US 5205841 A
A membrane for extracting hydrogen from gaseous and gaseous-liquid mixtures at low temperature makes use of a palladium or palladium alloy substrate and permits reduction of the surface resistance of the substrate. The membrane includes combined coatings including vacuum-deposited palladium ions driven into the substrate with inert gas ions and an electrochemically applied catalyst coating in the form of palladium or palladium/platinum black. A method for fabricating the membrane and a method for using the membrane to separate ultra-pure hydrogen are also disclosed.
1. A membrane comprising:
A. a substrate consisting essentially of palladium metal and having opposed first and second sides;
B. a first film consisting essentially of palladium metal applied in overlying relation to the first side of said substrate;
C. a second film consisting essentially of a metal black selected from the group consisting of palladium black and palladium/platinum black overlying said first film; and
D. a third film consisting essentially of a metal black selected from the group consisting of palladium black and palladium/platinum black overlying the second side of said substrate.
2. The membrane of claim 1, wherein said substrate is tubular.
3. The membrane of claim 1, which is selectively permeable to hydrogen gas at a temperature less than 250° C.
4. A method of extracting essentially pure hydrogen from a fluid mixture including free molecular hydrogen, comprising the steps of:
A. providing the membrane of claim 1;
B. exposing the second film of said membrane to a fluid mixture including free hydrogen at a partial pressure of hydrogen, pressure drop across said membrane, and a temperature, and for a time sufficient to selectively pass hydrogen from said mixture through said membrane; and
C. collecting the hydrogen passed through said membrane.
5. The hydrogen extraction method of claim 4, wherein said temperature is from about 20° C. to about 300° C.
6. A method of fabricating a membrane, comprising the steps of:
A. providing a substrate consisting essentially of palladium and having first and second sides;
B. applying a first film of a material consisting essentially of palladium overlying the first side of said substrate;
C. applying a second film consisting essentially of a metal black selected from the group consisting of palladium black and palladium/platinum black overlying the second side of said substrate; and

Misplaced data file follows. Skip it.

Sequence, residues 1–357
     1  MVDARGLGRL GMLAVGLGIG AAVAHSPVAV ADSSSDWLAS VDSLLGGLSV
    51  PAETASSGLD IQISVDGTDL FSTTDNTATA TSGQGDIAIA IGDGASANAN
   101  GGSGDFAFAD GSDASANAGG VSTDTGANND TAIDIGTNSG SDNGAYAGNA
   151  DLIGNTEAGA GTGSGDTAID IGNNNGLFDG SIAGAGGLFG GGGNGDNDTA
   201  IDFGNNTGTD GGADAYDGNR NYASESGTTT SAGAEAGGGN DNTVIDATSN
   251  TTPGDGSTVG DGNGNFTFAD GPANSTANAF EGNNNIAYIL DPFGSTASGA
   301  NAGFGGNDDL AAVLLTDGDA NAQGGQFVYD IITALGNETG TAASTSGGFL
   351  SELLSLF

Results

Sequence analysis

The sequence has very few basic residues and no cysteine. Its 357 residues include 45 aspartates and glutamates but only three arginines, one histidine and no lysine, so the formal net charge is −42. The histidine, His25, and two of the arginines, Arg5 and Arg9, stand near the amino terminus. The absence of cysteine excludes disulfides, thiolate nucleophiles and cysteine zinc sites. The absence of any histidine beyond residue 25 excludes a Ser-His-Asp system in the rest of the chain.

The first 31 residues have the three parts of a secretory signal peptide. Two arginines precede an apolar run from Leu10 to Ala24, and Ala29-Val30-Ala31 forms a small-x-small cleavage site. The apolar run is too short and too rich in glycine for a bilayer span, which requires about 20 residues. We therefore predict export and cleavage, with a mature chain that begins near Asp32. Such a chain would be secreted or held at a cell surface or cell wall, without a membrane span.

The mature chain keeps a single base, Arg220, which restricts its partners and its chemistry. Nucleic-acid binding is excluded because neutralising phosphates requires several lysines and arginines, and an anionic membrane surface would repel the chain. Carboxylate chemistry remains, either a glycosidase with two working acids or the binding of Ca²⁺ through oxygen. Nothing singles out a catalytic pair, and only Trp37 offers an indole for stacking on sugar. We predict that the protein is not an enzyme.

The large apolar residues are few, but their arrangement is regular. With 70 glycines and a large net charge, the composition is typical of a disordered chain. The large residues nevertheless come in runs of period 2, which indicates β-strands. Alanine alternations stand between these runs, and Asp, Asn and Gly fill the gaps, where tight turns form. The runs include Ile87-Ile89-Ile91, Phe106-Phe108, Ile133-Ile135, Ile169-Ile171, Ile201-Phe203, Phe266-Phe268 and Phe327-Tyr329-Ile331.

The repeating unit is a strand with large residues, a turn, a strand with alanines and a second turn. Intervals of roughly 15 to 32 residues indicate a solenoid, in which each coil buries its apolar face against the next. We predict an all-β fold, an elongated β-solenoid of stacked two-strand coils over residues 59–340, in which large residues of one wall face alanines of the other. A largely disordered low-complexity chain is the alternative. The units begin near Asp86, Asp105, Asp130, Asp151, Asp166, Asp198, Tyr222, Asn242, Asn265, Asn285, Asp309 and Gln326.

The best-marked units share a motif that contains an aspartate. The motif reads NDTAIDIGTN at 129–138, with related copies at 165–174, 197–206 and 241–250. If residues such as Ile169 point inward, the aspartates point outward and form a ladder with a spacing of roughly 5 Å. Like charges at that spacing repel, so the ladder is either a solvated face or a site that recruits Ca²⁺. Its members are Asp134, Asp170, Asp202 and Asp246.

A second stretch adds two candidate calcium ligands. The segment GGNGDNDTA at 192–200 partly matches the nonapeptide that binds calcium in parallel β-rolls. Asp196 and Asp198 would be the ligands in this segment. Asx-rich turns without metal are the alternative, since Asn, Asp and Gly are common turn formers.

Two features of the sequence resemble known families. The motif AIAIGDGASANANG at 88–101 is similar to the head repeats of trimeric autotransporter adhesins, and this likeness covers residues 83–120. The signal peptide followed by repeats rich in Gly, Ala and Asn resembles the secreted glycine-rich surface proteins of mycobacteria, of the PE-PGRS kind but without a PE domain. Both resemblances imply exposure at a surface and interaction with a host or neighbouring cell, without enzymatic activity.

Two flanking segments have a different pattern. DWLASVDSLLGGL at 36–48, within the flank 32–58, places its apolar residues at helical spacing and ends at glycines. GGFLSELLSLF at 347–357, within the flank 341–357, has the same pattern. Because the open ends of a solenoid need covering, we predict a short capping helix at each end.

D. applying a third film consisting essentially of a metal black selected from the group consisting of palladium black and palladium/platinum black overlying said first film.
7. The fabricating method of claim 6, wherein said first film is from about 1 μm to about 3 μm thick.
8. The fabricating method of claim 6, comprising the further step, after said first film applying step, of bombarding said first film with ions of an inert gas having an energy of from about 30 to about 60 kev under conditions effective to improve the adhesion of said first film.
9. The fabricating method of claim 6, wherein said palladium and palladium/platinum black applying steps are carried out by galvanic plating.
10. The fabricating method of claim 9, wherein said palladium and palladium/platinum black applying steps are carried out at a current density of from about 3 to about 12 ma/cm2.
11. The fabricating method of claim 10, wherein said current density is increased during said palladium and palladium/platinum black applying steps from an initial value of about 3 to a final value of about 12 ma/cm2.
12. The fabricating method of claim 10, wherein said current density is increased at the rate of about 0.5 ma/min.
13. The fabricating method of claim 9, wherein said palladium and palladium/platinum black are applied at a coating weight of from about 1 mg/cm2 to about 10 mg/cm2.
14. The fabricating method of claim 9, wherein said palladium is applied by providing a platinum anode, using said substrate as a cathode, and using a solution consisting essentially of an aqueous palladium salt as the electrolyte.
15. The fabricating method of claim 14, wherein said aqueous palladium salt consists essentially of:
A. about 4.5% by weight PtHCl2 ;
B. about 2% by weight PdCl2 ;
C. about 2% Hcl; and
D. water in an amount effective to disperse the other ingredients.
16. The fabricating method of claim 6, comprising the subsequent step of heating said membrane in a hydrogen environment at about 200° C. for about two hours.
This invention relates to membrane technology for extraction of hydrogen from gases and gas-liquid mixtures.
Hydrogen has previously been extracted from a mixture of gases by selectively passing it through a metallic membrane which is in contact with the mixture at an elevated temperature. The membrane becomes fragile as the result of its exposure to a high temperature hydrogen environment. It would be desirable to decrease the working temperature of the hydrogen extraction process to increase the reliability of operation of such metal membranes, especially in the presence of reactants or products which cause the membrane to become fragile. However, such processes have not worked satisfactorily at lower operating temperatures.
Accordingly, one object of the present invention is to effectively extract hydrogen at lower temperatures.
A related object of the invention is to provide a hydrogen extraction membrane which can function in both gas and gas-liquid mixtures.